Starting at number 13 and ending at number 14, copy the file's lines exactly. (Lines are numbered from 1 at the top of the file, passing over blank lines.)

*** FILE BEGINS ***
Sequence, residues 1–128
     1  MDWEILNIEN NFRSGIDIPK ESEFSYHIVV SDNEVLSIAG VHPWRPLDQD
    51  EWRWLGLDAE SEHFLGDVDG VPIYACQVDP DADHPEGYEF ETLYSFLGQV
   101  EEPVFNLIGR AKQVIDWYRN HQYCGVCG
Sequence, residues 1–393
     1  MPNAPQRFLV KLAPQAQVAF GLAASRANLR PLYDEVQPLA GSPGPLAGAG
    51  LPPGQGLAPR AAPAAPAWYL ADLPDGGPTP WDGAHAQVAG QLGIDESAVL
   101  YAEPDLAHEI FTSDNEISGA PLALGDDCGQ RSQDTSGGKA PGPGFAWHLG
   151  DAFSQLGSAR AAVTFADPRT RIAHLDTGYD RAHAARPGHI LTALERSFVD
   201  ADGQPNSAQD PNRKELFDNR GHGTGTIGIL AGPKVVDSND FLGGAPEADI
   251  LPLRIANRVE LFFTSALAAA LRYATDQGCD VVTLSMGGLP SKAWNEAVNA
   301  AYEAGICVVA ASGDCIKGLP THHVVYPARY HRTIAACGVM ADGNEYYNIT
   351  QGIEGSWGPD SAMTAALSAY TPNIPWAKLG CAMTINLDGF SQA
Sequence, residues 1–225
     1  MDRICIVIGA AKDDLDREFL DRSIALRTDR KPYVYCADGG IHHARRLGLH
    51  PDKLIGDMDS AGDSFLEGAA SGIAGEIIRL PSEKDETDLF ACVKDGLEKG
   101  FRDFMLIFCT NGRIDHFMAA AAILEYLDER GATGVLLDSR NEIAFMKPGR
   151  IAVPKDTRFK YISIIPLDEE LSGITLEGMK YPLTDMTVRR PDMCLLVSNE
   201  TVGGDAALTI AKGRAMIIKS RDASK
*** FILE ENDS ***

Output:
   351  QGIEGSWGPD SAMTAALSAY TPNIPWAKLG CAMTINLDGF SQA
Sequence, residues 1–225